Wednesday, January 30, 2008

Brief Overview Series Ep. 4: Taluva

This is episode 4 in my brief overview series. Thanks to everyone who has sent me comments on BGG and YouTube. You wanted more, so here you go. This time I look at Taluva. Someone recommended I post my videos on Vimeo instead of YouTube, so I'm trying that this time around. Enjoy!

Brief Overview Series Ep. 4: Taluva

Saturday, January 19, 2008

At last, a visit to the Copper Kettle Company!

My good friend Jack recently blessed me with his kindness. For Christmas, he went the extra mile and acquired for me a copy of a game I've been eying for a long, long time: Copper Kettle Company, commonly known as Kupferkessel Co. Kupferkessel Co is a game which has no English version, so it is hard to find in the US. Only one or two online sellers ever carry this game, one of them being Fair Play Games. I had made it known to friends and family via wishlist that Kupferkessel was available at Fair Play Games. Why had I not acquired it for myself? First of all, the game was rarely in stock, and had a tendency to sell out pretty quickly. Second of all, I never buy games at Fair Play Games. All of our game group orders have been through Thought Hammer or Boards & Bits. I didn't want to take the step of ordering a single game and paying full shipping fees.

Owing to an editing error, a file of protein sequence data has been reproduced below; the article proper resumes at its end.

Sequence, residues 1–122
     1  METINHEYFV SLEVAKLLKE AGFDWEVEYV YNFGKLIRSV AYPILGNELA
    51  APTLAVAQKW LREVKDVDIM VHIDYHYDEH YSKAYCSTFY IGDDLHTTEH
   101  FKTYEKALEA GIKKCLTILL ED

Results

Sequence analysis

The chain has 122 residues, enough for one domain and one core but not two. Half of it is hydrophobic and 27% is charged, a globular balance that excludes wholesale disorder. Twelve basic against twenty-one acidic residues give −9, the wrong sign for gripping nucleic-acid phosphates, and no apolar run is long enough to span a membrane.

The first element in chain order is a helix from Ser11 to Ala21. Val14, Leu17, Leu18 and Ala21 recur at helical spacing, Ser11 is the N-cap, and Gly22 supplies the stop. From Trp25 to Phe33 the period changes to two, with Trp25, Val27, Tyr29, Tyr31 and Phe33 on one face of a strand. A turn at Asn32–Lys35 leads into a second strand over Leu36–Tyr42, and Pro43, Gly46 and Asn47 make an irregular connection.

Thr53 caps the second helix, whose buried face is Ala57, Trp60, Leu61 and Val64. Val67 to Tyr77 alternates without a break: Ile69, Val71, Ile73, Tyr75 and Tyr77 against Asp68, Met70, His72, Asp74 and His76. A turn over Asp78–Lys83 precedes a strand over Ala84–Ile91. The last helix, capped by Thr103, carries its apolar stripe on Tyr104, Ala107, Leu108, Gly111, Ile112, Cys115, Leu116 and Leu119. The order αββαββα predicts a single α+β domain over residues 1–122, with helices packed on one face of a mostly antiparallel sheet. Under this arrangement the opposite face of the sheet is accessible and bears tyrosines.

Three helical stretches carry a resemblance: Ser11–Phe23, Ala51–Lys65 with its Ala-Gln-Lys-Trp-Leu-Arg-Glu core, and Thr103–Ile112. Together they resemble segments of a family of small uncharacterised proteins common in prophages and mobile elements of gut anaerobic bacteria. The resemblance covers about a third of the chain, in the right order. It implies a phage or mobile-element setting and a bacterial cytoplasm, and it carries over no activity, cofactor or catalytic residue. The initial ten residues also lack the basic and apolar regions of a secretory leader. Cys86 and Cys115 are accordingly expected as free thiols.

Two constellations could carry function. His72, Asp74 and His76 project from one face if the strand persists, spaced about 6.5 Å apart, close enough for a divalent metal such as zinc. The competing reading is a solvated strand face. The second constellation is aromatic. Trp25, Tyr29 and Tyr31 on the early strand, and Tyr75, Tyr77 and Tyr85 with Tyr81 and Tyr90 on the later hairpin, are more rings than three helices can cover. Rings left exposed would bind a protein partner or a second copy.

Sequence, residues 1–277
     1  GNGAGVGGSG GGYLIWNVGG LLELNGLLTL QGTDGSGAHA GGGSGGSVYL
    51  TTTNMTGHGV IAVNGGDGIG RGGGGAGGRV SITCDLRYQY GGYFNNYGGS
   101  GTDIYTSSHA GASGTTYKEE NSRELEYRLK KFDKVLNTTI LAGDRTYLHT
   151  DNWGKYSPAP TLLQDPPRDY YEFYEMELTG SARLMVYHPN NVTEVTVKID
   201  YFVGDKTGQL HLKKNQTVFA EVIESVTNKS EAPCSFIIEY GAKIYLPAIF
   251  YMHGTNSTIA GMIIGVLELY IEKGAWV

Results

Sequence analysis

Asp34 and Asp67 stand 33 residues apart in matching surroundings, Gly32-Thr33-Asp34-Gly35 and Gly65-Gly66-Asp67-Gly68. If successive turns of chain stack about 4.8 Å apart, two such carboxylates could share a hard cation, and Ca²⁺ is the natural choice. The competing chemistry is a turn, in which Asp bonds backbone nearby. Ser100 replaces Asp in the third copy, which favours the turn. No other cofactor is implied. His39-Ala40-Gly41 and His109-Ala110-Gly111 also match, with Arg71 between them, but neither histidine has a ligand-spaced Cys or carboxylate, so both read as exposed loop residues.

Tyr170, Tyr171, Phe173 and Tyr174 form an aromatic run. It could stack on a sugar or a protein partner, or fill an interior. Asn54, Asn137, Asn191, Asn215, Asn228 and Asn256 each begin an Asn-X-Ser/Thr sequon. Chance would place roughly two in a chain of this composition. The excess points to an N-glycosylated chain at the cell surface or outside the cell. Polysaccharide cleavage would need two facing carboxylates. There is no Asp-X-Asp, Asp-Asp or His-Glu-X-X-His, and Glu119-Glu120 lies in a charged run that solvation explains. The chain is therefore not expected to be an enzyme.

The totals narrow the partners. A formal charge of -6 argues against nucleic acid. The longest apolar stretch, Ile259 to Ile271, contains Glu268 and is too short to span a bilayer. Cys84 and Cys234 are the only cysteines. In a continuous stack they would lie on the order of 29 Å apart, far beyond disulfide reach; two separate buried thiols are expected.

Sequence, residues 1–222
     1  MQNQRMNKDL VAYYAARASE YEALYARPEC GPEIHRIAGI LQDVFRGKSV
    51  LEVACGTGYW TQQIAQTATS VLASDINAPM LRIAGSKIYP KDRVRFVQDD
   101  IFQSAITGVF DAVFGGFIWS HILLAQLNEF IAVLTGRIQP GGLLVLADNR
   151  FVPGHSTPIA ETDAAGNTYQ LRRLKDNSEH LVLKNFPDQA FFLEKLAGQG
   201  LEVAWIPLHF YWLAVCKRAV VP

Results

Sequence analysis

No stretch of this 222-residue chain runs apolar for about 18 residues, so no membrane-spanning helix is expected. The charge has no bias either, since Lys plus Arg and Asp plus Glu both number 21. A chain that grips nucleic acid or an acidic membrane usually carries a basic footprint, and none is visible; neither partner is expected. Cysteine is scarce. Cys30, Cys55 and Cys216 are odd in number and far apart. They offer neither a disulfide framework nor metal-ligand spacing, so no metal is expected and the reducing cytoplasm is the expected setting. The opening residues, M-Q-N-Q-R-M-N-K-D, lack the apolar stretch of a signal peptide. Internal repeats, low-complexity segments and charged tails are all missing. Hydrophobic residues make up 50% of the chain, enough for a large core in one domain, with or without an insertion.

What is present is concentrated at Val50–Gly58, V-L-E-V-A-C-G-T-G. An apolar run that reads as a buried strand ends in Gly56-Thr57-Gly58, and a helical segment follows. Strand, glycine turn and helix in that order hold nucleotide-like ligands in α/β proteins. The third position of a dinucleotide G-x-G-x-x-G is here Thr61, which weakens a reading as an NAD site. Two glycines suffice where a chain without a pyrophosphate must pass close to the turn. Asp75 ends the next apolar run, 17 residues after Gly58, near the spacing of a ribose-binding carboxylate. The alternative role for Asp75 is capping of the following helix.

Jack, knowing all of this, worked behind the scenes to acquire a copy of Kupferkessel Co. for me, running a game order without my knowledge. Before I go on, I'll share the interesting story Jack shared with me. He happened to order the game when it was in stock at Fair Play Games. To Jack's dismay, the game order never arrived at his house - UPS had lost it. So, for Christmas, he handed me an image of Kupferkessel Co. and told me the tale of the shipping mishap. Fair Play Games had courteously sent him replacements for every game except for . . . Kupferkessel, which was now out of stock. Then, in mid January, Jack showed up at my house with Kupferkessel in hand. Fair Play had finally obtained and shipped out a new copy.